Scholarship is key to advancing excellence in PA education because a robust professional literature is necessary for data-driven organizational and educational decisions. I have been a part of advancing PAEA’s mission through scholarship in the past through my service on the Research Council (now the Research Mission Advancement Commission) from 2013-2017 and through my own small research contributions. Just as high-quality clinical research should drive our patient care, high-quality educational and workforce research should drive our educational practice and advocacy efforts. I am committed to advocating for continued and increasing emphasis on research support and scholarship development within PAEA.

Finally, I would be honored to have the opportunity to continue to advance PAEA’s efforts toward equity and inclusion in PA education. The organization represents a diverse set of PA programs that vary in size, geographic location, sponsoring institution characteristics, resources, and student and faculty populations. I am committed to advocating for an organizational environment in which all programs and faculty experience belonging and in which resources and supports are available to help all programs succeed for the benefit of our students and an increasingly diverse patient population.

PAEA’s core values as listed in the Strategic Plan are justice, equity, inclusion, diversity, quality, collaboration, well-being, learning, sustainability, and service. These align with my own values, from the concept of justice (in my faith, I am commanded to “seek justice, correct oppression” – Isaiah 1:17) to the concept of service, which I have demonstrated as a personal value in my 16-year history of service to the PA education profession. As a member of the PAEA Board of Directors, I will uphold these organizational values by keeping them in focus throughout organizational decisions. As a current member of the PAEA Finance Steering Committee, I have appreciated and learned from our treasurer’s leadership in viewing the budget through the lens of the organization’s mission and values, and I plan to filter all aspects of organizational decisions through that lens. One of my particular strengths as a leader is that of “belief,” meaning that I have deeply held core values and am driven and energized by mission-aligned activities and tasks. I will devote whatever time is necessary in service to value-driven projects. Additionally, I love our profession and deeply care about the future sustainability of PA education. I foresee part of my role as a leader within the organization as encouraging and developing a new generation of leaders in PA education who can continue to uphold these values and keep PAEA a thriving and forward-thinking organization that serves member programs well.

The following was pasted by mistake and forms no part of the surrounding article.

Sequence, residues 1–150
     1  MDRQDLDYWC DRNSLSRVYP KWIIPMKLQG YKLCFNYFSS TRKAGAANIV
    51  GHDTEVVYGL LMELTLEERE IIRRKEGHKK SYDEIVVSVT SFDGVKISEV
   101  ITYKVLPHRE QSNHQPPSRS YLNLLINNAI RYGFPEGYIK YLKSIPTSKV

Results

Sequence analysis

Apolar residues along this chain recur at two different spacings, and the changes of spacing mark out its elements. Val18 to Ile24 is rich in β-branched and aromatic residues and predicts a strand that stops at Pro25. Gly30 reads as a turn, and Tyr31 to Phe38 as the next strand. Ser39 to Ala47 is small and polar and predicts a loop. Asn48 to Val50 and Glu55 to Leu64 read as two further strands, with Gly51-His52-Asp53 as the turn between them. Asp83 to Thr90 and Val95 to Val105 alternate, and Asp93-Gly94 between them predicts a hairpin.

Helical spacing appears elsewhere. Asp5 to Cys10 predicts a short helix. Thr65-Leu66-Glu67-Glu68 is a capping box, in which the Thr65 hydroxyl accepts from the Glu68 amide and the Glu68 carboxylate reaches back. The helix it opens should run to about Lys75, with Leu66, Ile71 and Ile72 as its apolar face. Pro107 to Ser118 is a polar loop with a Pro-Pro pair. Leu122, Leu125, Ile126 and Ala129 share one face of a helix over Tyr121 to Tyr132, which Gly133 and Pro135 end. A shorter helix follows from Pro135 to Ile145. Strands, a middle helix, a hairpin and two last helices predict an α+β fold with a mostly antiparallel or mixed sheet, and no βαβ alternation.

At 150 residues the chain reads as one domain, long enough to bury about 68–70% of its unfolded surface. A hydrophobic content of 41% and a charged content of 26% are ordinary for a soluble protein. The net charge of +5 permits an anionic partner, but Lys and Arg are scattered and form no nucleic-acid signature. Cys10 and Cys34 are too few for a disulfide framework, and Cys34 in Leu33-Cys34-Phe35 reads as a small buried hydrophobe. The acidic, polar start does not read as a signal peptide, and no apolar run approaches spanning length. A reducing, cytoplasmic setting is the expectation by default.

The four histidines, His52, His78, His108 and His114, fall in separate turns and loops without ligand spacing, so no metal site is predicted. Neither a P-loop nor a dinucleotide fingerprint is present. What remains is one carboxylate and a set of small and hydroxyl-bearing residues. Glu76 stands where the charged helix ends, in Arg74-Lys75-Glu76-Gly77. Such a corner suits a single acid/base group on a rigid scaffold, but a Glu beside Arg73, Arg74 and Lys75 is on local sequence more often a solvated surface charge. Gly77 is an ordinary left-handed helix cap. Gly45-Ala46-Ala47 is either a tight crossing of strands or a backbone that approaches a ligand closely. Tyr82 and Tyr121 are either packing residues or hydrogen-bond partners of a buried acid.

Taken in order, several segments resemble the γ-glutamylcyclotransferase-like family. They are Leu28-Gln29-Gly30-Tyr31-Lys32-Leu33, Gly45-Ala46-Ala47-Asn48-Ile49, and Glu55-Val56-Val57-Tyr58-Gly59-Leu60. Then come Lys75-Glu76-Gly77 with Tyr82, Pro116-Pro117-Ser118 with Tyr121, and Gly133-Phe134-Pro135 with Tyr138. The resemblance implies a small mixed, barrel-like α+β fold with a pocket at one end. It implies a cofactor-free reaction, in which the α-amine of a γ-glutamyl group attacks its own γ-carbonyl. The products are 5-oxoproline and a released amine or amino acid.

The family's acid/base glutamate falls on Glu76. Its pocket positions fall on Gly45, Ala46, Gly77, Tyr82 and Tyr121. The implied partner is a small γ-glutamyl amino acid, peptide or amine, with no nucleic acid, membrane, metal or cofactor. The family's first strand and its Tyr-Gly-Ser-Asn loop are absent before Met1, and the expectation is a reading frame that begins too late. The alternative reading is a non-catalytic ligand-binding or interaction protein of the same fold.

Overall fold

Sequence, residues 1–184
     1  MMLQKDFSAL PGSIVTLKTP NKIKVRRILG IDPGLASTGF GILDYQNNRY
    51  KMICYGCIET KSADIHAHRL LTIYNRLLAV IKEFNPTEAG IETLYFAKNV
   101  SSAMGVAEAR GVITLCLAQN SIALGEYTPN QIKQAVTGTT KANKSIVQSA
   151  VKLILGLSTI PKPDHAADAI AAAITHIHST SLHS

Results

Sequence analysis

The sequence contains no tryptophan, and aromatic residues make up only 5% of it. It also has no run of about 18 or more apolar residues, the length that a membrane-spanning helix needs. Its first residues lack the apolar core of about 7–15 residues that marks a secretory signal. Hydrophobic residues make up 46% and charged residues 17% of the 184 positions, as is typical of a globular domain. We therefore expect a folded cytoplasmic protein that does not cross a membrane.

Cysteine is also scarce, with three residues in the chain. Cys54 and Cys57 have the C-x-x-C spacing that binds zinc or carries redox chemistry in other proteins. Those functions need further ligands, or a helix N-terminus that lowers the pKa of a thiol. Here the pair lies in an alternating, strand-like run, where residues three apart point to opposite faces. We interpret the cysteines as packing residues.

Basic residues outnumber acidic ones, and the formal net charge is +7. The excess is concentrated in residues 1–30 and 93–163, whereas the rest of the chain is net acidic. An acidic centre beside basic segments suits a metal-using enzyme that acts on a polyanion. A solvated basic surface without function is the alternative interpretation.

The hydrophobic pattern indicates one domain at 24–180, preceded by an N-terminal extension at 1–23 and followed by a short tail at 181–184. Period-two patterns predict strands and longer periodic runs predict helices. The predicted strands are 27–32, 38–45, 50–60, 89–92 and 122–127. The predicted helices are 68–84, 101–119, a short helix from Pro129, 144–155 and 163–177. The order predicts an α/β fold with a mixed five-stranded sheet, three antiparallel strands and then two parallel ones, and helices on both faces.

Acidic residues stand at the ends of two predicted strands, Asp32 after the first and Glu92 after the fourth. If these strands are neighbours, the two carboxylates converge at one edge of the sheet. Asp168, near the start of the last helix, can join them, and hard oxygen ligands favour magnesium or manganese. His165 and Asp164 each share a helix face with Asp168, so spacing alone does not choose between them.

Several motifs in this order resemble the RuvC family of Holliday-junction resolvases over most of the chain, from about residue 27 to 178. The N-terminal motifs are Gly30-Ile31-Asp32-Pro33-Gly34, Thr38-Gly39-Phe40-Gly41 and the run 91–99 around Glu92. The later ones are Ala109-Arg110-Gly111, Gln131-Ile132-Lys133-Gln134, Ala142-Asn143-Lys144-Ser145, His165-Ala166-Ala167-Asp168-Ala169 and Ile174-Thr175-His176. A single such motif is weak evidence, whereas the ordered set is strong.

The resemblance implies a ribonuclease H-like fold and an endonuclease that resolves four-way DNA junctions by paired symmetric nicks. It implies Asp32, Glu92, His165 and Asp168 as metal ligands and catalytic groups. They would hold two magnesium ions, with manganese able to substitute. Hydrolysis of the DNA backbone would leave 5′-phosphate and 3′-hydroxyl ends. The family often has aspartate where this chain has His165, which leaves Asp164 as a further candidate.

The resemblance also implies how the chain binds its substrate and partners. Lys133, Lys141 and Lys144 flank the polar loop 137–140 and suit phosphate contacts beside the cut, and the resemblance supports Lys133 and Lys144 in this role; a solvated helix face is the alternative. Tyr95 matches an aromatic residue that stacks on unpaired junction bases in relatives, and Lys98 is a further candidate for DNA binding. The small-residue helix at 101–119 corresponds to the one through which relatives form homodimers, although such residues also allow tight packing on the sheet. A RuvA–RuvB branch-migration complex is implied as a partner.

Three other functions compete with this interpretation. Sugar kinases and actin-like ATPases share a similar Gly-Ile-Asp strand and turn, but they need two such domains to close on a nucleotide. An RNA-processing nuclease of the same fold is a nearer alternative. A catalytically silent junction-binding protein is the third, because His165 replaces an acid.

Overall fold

There are many lenses through which to view leadership, but I will focus on results from my recent CliftonStrengths® assessment, a well-established tool that identifies a person’s top five leadership strengths. This assessment helped me to not only better understand my strengths, but also how to best serve others on my team. Three of my top five strengths fell within the domain of executing – achiever, belief, and focus – with achiever being my dominant strength. This reflects my work ethic and orientation toward goal setting and implementation. I am the person on a team who likes to outline action steps clearly and will work consistently to make the vision a reality. My second most dominant strength is “learner,” indicating a desire to continuously learn and improve. I listen and gather information about a topic before offering opinions or drawing conclusions. In alignment with my affinity for research and evidence-based medicine, my default question in any discussion is to ask what the data says or what evidence we can base a decision on, then do the work to find that data. I also take the time to learn and better understand the perspectives and experiences of others. Finally, my third dominant strength is “relator,” which is evident in my enjoyment of collaborating closely with other PA educators. As a member of the board, I will work to develop deep connections with other board members and PAEA staff to help us achieve the organization’s goals together.

Shaun L. Grammer, DMSc, PA-C

University of Nebraska Medical Center,

As I seek renewal for the PAEA Director-At-Large position, I want to highlight some key aspects about me that I believe will contribute to the advancement of PA education and the fulfillment of the PAEA’s mission.